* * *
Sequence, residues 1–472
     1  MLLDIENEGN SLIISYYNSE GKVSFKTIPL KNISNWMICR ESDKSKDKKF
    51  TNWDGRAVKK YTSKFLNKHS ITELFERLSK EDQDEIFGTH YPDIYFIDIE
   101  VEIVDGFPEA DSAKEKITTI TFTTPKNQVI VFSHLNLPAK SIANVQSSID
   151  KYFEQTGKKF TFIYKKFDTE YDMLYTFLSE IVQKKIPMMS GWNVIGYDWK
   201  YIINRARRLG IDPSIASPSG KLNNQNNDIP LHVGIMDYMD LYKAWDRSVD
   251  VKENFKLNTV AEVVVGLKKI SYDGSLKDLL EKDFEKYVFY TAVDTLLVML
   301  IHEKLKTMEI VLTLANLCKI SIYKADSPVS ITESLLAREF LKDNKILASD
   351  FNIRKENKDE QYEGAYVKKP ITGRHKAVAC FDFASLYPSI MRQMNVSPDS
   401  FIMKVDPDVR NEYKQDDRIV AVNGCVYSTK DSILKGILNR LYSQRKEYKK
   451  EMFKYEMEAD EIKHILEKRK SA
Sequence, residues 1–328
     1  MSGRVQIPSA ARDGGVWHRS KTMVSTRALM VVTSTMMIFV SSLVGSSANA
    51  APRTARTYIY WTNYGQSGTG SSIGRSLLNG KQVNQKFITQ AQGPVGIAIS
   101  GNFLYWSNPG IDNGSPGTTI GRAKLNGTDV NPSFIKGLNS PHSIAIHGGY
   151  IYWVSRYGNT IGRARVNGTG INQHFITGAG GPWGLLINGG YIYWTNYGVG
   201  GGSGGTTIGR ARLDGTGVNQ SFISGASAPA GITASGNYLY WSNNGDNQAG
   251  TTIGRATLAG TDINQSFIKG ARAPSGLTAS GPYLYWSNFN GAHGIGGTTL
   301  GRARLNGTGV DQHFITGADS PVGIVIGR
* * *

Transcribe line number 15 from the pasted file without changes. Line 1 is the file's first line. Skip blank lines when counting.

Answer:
   101  GNFLYWSNPG IDNGSPGTTI GRAKLNGTDV NPSFIKGLNS PHSIAIHGGY